The Worcester winger is gearing up for the Six Nations Championship. Here, she talks to Strong Women about how rugby has helped her body and mind.
“I think it is funny when a guy offers to carry something for you and you are like ‘Well if you want to, but I’m capable’,” says Lydia Thompson. Thompson is more than capable. A rugby player since the age of 11, she’s now, at 28, one of Britain’s best sportswomen. On her first match for England in 2012 she ran in three tries, and hasn’t slowed down since.
As a member of the Six Nations 2020 squad, she spoke to Strong Women about being a female athlete.
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SW: Tell us about your training routine.
LT: I think I’ve realised that that I have such a passion to move. I really enjoy discovering what I can do and I feel like fitness and training is an outlet to help you grow. That’s is a big thing: finding the right fitness routine and training that you enjoy. Some people love running, some people love going to the gym, some people love yoga, so it’s not a one size fits all.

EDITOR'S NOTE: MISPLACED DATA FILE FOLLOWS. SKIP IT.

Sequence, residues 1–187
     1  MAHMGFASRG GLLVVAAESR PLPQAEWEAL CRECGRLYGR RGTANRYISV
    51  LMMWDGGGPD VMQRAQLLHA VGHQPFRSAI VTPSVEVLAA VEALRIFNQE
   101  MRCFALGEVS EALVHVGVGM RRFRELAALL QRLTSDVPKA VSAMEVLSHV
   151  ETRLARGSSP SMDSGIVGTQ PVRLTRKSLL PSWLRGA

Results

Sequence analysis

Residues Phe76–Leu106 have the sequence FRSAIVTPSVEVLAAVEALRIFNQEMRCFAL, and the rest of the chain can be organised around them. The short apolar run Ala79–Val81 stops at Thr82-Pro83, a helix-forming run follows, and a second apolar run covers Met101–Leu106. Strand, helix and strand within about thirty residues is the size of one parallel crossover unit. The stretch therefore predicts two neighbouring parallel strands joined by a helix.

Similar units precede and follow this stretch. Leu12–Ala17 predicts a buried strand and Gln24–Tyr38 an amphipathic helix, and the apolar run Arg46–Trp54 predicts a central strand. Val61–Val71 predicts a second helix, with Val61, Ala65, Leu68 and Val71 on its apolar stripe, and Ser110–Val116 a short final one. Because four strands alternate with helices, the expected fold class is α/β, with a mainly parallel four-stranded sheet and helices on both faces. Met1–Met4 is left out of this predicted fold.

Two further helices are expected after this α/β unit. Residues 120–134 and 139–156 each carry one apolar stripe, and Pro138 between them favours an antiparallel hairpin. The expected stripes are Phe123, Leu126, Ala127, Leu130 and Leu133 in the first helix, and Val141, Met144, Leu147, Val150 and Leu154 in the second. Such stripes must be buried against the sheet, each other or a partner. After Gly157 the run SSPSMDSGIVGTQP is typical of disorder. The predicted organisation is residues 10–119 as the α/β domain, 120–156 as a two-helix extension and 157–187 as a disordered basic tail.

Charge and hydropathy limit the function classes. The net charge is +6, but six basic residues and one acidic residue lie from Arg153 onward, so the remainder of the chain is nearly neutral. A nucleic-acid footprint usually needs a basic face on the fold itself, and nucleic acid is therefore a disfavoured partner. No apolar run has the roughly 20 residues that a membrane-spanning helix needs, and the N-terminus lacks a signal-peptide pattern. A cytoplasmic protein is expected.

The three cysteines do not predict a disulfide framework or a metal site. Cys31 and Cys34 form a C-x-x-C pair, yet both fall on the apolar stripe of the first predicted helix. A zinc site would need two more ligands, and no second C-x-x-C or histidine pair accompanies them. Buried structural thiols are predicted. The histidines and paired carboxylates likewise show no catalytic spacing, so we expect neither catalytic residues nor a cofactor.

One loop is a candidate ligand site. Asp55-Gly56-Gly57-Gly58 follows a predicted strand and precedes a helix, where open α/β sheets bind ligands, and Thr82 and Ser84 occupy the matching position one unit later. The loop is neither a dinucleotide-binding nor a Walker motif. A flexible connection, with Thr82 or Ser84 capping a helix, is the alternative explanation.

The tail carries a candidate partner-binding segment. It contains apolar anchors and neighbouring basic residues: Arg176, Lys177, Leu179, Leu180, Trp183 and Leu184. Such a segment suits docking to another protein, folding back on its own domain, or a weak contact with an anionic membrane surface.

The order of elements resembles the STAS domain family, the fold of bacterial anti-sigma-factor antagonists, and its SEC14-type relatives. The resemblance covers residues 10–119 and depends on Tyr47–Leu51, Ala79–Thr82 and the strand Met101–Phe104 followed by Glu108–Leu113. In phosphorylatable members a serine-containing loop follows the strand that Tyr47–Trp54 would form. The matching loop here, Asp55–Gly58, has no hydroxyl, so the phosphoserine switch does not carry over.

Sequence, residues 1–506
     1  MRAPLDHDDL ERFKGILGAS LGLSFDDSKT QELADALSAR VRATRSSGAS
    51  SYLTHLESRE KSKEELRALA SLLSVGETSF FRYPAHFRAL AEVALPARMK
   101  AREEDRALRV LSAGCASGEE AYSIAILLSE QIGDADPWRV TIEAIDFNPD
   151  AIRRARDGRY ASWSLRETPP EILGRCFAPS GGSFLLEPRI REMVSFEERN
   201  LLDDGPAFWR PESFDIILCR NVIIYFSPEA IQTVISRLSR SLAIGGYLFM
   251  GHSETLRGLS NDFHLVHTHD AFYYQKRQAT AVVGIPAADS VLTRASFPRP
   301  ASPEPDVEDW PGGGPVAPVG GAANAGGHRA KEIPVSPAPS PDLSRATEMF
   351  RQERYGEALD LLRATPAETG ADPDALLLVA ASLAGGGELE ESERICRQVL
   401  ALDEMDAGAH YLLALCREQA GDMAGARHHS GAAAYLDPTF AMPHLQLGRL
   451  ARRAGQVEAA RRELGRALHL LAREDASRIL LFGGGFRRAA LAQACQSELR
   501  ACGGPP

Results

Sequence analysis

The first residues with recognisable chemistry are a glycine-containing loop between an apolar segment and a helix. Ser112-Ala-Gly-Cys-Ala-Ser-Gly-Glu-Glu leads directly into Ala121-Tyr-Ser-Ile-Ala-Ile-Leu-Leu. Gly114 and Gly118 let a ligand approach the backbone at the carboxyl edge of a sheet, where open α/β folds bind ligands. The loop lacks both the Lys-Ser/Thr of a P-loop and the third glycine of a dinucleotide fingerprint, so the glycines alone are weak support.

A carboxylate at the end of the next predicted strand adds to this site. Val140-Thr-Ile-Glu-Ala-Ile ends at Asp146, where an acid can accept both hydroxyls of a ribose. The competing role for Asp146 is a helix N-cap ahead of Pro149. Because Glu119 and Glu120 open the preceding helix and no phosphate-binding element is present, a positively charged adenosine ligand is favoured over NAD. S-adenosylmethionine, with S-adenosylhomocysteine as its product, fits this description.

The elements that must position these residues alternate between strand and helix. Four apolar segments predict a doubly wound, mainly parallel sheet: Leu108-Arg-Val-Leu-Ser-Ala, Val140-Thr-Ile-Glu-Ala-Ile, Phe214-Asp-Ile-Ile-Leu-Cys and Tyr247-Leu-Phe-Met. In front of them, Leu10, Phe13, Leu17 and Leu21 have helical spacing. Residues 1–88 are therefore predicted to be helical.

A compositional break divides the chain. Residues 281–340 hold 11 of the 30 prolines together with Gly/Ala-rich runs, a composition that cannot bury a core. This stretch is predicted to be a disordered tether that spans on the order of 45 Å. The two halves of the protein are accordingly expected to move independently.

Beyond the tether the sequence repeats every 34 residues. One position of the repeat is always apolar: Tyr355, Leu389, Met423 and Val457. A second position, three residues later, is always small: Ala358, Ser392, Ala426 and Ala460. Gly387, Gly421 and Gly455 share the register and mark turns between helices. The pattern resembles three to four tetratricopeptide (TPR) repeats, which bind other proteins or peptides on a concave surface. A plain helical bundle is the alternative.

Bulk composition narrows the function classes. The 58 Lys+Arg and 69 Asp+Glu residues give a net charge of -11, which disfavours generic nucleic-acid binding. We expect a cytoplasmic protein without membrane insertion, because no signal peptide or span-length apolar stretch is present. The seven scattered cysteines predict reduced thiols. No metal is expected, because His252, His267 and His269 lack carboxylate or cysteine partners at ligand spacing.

For me, I like a variety. One minute I am in the gym and I am lifting and using heavyweights and the next minute I’m doing cardio, I’m going on runs, then I’m doing yoga to get into my body and also give back to it. I train pretty much every day in some form or another. But sometimes you just don’t feel great, and that’s okay, so it’s about being compassionate.
I think that’s hard, especially for high-level athletes to realise that to be at my best I’m going to have to have a rest day. So I do a morning check-in with myself, which is really important to me. I’m at Worcester, my club, training on Mondays, Tuesdays and Thursdays to do a weights session, then a skills session and then team training. I feel like my weak spot is cardio, so on the weekend I try to get on the bike or go for a run and then Sunday’s about recovery.
SW: It’s really nice and refreshing to hear that you have such a variety of workouts, so it’s not super rigid. How has weightlifting improved your personal performance?